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US-Australia

The US-Australia Free Trade Agreement (or AUSFTA) was signed on 18 May 2004 and came into effect on 1 January 2005. It’s a comprehensive agreement, with chapters on: Market access for goods, agriculture, pharmaceuticals, cross-border services, financial services, electronic commerce, investment, intellectual property rights, government procurement, competition policy, labour, environment and dispute settlement.

Throughout the negotiations, the contents of the agreement were problematic for different sectors on both sides of the Pacific. US farmers managed to keep sugar out of the deal, but would face new competition from Australian dairy imports. Social opposition to the agreement ran high in Australia, the major concern being access to affordable medicine. The FTA commits Australia to provide stronger patent monopolies to US drug companies, directly compromising Australia’s Pharmaceuticals Benefits Scheme (PBS).

The FTA became a key electoral issue in Australia in late 2004. However, Prime Minister Howard was re-elected and came to a final accord with the Bush administration on the drugs chapter by the end of the year, thereby assuring the agreement’s entry into force at the start of 2005.

One year into the FTA, debate broke out in Australia over the impacts. In the first year, US exports to Australia had shot up while Australia’s exports to the US had shot down. Further, US drug companies were not happy with the limited safeguards left to protect Australia’s PBS and started moving to have them scrapped.

In 2007, Australia registered a $13.6 billion trade deficit with the US, its largest ever with any trading partner. The National Institute of Economic and Industry Research estimates that the US-Australia FTA could cost the Australian economy up to $50 billion and 200,000 jobs.

last update: May 2012


US free trade deal is no two-way street
We all know Australia is one of the closest allies and best friends of the US, but I bet you didn’t know we are also one of the best customers for all things that come from the land of the free and home of the twin deficits.
Academics branded ’anti-US over FTA research’
The head of the Australian National University (ANU) in Canberra says there has been an attempt to silence academics who are making critical comments about issues of public importance.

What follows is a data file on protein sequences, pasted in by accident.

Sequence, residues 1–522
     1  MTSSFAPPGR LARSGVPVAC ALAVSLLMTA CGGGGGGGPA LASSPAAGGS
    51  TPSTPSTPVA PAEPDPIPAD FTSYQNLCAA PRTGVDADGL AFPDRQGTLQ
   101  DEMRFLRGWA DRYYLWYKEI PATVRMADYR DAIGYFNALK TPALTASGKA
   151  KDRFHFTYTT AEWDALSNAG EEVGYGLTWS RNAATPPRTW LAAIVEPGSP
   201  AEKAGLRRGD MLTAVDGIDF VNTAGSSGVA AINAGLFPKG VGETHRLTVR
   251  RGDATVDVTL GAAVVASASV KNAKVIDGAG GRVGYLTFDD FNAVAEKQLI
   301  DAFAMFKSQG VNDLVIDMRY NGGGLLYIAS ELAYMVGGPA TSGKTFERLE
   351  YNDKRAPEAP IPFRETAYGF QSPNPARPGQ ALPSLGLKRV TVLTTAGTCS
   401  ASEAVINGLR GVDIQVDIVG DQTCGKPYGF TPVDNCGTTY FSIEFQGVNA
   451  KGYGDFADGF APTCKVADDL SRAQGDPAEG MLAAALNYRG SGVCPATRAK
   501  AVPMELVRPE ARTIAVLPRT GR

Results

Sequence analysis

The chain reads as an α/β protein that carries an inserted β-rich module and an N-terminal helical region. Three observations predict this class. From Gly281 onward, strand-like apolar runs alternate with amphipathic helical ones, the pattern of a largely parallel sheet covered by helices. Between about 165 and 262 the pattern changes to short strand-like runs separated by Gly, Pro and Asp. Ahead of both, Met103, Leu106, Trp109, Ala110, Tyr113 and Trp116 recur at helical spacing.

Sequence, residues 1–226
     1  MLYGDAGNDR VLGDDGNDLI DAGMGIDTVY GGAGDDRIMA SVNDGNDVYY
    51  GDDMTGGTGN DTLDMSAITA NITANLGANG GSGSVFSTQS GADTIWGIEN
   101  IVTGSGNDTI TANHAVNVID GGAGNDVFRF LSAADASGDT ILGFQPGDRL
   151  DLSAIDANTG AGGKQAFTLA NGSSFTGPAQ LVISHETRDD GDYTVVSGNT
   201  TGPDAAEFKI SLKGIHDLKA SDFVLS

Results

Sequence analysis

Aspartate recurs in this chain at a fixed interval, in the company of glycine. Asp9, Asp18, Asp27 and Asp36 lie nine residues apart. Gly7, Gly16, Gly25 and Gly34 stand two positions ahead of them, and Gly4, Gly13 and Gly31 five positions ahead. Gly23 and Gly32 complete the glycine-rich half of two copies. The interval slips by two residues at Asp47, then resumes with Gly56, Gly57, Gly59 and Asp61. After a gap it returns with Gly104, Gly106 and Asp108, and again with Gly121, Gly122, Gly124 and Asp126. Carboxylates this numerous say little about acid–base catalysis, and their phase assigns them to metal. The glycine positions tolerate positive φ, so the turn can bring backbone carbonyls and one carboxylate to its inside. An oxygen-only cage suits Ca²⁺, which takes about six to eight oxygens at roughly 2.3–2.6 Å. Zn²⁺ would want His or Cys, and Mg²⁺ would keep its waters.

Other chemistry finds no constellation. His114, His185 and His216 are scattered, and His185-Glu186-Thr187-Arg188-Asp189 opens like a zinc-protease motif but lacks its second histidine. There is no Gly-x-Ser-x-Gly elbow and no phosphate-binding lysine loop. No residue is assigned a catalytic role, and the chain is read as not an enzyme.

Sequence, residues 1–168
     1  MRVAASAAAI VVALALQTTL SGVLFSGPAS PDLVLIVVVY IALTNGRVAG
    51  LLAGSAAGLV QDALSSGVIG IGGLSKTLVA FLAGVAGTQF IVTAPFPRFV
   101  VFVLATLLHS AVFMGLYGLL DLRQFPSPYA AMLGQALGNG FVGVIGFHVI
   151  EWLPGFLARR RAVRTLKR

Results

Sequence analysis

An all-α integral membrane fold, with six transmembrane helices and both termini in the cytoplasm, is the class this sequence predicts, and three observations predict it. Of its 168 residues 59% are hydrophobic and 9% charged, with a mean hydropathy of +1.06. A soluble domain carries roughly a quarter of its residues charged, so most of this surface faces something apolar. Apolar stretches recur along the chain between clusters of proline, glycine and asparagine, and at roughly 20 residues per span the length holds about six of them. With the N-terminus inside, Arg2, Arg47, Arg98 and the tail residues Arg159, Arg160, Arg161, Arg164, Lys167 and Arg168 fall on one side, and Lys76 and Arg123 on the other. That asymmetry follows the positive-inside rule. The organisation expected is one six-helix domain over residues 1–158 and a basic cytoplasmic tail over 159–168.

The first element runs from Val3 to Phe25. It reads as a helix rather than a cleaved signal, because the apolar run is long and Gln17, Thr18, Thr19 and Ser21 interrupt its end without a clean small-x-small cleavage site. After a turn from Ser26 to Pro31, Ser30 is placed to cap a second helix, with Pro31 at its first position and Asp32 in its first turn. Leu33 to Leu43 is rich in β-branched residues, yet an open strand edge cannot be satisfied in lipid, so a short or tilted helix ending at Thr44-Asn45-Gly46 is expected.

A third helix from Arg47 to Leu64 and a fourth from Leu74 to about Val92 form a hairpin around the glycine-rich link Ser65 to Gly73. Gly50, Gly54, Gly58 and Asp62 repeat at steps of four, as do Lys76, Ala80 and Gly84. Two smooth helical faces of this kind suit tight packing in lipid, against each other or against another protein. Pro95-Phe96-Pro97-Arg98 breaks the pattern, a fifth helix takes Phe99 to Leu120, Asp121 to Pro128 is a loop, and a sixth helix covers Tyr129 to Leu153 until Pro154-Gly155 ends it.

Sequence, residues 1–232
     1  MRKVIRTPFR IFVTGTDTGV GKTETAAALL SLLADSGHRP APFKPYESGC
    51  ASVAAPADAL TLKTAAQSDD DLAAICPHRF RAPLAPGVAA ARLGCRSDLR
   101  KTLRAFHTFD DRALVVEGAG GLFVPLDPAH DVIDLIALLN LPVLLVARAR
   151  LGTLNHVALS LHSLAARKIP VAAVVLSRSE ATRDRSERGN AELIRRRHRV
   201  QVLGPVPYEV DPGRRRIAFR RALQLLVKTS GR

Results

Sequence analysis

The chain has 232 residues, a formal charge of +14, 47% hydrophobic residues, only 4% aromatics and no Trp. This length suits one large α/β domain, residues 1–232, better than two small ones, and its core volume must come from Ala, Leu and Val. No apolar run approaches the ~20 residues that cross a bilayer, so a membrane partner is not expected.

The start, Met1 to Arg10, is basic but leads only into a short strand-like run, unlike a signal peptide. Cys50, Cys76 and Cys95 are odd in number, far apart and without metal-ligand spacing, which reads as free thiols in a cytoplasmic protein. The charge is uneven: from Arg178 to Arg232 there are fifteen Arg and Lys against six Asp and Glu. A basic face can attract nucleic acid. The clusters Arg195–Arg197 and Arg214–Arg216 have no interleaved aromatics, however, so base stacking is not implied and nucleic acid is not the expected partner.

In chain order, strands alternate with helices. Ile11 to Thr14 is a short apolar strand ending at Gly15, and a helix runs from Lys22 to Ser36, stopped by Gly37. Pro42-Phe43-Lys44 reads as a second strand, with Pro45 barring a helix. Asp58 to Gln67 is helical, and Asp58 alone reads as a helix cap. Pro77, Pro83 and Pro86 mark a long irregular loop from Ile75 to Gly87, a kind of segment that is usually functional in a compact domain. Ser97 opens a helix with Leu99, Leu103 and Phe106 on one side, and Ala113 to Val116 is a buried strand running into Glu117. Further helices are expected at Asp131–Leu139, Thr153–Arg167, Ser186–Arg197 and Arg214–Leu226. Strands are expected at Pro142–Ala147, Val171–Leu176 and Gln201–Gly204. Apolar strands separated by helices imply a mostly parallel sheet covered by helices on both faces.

FTA threatens blood supply: study
The safety of the Australian blood supply could be jeopardised under the free trade agreement with the United States, researchers have warned.
Free trade fears in Snowy backflip
The last-minute scrapping of the $3 billion Snowy Hydro float, attributed by the Government to the public outcry at the prospect of losing control of an "icon", may have been partly prompted by fears it would contravene Australia’s free trade agreement negotiated with the US last year.
Bad blood over FTA
Australia’s monopoly blood processor, CSL, has backed Red Cross calls for a ban on plasma imports and warned against opening up the nation’s supply network to overseas companies.
US drug company appeals PBS decision
It’s just over a year since the Australia US Free Trade Agreement came into force, opening the door for US drug companies to force a review of decisions about which drugs are subsidised by the Australian Government. Now that power is being used by the US drug company Eli Lilly.
Keep the FTA away from our plasma
It has been several years since my last donation, but yesterday I did my part towards saving someone’s life.
US trade deal failing some Aussie firms
Australia’s free trade agreement (FTA) with the United States is only benefiting businesses with well-established links, Australia’s peak industry group says.
US biotech deal blazes Aussie trail
At just $4million, it’s hardly the biggest biotech deal ever struck by an Australian company, but it’s an important first.
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